Just a week ago, the subcontinent celebrated the historic meeting between Indian Prime Minister Narendra Modi and his Pakistani counterpart, Nawaz Shariff. It was meant to be the beginning of a new chapter in the relationship between the countries. But one week on and it seems that ties haven’t moved forward at all.
A ceasefire violation, a drone that nobody wants, the envoy being summoned. Almost anything that could’ve gone wrong happened in the space of little over 24 hours. So here’s what happened.
On Wednesday, Pakistani forces exchanged fire with BSF outposts in Jammu, with both sides claiming they were provoked by the other. Both sides have claimed civilian deaths.
Immediately after that, it was reported that an alleged India drone was flying over Pakistani airspace. Pakistani security forces shot down the aircraft, claiming it was a “spy drone”. As a response to this seemingly blatant violation of boundaries, Pakistan summoned the Indian envoy while lodging their protest with New Delhi.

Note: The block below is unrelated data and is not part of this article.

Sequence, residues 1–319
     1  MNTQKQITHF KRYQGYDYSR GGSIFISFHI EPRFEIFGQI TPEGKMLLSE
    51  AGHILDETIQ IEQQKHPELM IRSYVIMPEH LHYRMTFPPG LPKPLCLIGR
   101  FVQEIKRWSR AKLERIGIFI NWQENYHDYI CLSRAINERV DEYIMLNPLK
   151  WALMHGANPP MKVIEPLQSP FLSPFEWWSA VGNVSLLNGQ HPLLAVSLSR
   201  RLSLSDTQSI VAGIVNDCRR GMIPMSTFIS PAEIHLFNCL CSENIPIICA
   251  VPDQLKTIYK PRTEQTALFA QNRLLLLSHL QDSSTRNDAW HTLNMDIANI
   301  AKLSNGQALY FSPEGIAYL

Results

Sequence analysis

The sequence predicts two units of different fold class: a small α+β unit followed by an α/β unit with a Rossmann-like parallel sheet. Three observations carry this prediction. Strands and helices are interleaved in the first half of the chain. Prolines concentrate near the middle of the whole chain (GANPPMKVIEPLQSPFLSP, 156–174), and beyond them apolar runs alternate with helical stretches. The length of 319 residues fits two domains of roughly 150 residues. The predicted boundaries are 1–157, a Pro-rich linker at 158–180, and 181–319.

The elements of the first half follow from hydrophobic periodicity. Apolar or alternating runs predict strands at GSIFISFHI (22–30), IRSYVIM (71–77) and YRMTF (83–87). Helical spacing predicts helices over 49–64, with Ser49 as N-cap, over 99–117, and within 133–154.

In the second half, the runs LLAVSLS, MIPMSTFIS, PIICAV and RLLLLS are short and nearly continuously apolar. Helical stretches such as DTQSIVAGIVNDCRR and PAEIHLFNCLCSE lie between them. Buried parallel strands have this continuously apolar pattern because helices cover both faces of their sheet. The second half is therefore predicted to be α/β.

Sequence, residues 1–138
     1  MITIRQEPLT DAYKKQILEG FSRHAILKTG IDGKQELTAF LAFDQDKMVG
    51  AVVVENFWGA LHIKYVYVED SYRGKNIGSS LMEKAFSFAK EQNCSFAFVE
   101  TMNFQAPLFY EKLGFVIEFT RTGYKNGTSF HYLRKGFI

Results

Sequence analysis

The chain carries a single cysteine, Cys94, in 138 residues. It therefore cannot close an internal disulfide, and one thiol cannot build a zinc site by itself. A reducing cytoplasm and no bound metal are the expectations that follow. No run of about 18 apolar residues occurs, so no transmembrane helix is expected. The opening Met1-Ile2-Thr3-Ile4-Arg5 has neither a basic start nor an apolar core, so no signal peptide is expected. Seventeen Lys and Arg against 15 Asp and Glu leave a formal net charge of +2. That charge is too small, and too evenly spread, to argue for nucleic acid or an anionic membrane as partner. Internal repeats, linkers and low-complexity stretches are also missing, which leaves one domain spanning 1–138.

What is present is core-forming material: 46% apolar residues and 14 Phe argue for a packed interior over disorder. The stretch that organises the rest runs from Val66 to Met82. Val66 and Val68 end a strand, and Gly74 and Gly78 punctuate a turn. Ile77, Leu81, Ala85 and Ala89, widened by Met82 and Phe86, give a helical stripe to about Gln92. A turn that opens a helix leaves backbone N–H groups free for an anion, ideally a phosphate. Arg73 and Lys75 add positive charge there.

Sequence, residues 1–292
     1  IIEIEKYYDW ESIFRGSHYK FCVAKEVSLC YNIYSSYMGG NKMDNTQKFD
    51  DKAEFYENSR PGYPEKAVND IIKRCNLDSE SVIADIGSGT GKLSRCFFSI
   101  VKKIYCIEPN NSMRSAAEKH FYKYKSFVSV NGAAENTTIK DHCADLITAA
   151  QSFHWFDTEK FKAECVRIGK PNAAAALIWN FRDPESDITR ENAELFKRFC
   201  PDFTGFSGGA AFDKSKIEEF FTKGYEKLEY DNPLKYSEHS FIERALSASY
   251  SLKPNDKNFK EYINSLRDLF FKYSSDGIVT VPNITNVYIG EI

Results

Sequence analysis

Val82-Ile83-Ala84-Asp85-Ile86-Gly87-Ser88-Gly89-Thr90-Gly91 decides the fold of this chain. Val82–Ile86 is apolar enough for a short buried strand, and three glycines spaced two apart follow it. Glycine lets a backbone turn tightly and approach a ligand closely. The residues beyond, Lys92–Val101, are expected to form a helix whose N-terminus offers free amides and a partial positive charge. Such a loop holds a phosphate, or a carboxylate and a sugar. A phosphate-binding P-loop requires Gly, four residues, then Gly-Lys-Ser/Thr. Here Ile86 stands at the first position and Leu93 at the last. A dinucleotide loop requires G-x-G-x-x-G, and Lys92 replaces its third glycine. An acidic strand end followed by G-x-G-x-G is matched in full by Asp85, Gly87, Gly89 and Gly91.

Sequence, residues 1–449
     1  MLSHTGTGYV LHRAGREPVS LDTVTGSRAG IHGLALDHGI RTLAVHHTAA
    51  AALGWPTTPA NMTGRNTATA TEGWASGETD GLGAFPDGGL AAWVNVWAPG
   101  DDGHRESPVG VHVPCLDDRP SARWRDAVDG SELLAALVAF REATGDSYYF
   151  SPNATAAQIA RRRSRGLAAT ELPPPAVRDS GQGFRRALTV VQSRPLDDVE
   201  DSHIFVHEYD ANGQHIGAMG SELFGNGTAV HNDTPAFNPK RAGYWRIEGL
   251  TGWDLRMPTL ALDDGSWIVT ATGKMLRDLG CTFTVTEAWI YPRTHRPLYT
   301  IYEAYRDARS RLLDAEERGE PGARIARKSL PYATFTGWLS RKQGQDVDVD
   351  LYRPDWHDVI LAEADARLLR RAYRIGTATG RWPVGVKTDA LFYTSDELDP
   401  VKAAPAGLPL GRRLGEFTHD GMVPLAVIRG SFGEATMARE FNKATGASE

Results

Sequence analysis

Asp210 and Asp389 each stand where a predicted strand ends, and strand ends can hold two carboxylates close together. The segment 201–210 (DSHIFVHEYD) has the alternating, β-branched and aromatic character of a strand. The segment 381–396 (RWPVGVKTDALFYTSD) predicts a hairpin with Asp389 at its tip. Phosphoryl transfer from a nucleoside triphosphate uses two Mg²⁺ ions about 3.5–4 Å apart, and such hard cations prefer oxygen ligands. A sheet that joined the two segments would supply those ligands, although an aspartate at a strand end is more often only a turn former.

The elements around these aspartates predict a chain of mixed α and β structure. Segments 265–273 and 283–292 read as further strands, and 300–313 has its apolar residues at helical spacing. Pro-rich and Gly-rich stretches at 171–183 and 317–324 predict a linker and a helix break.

A statement from the Pakistan military to the BBC states, “An Indian spy drone was shot down by Pakistani troops which intruded into Pakistan along near Bhimber today. The spy drone is used for aerial photography.”
India for its part has vehemently denied any claims of spying, saying the drone doesn’t even belong to the Indian Army.
“Some reports of a drone crash in PoK are being referred to. No drone or UAV crash of the Indian Army has taken place,” the spokesperson told the Press Trust of India news agency.
Initial reports say that the drone pictured is a Chinese made DJI Phantom 3, and India doesn’t buy drones from China.
Furthermore, reports from IBNLive claim that such drones are used by Pakistan’s Punjab Police to monitor. If this were true it could be an embarrassing incident for Pakistan. For now it looks like there’s no country for drones.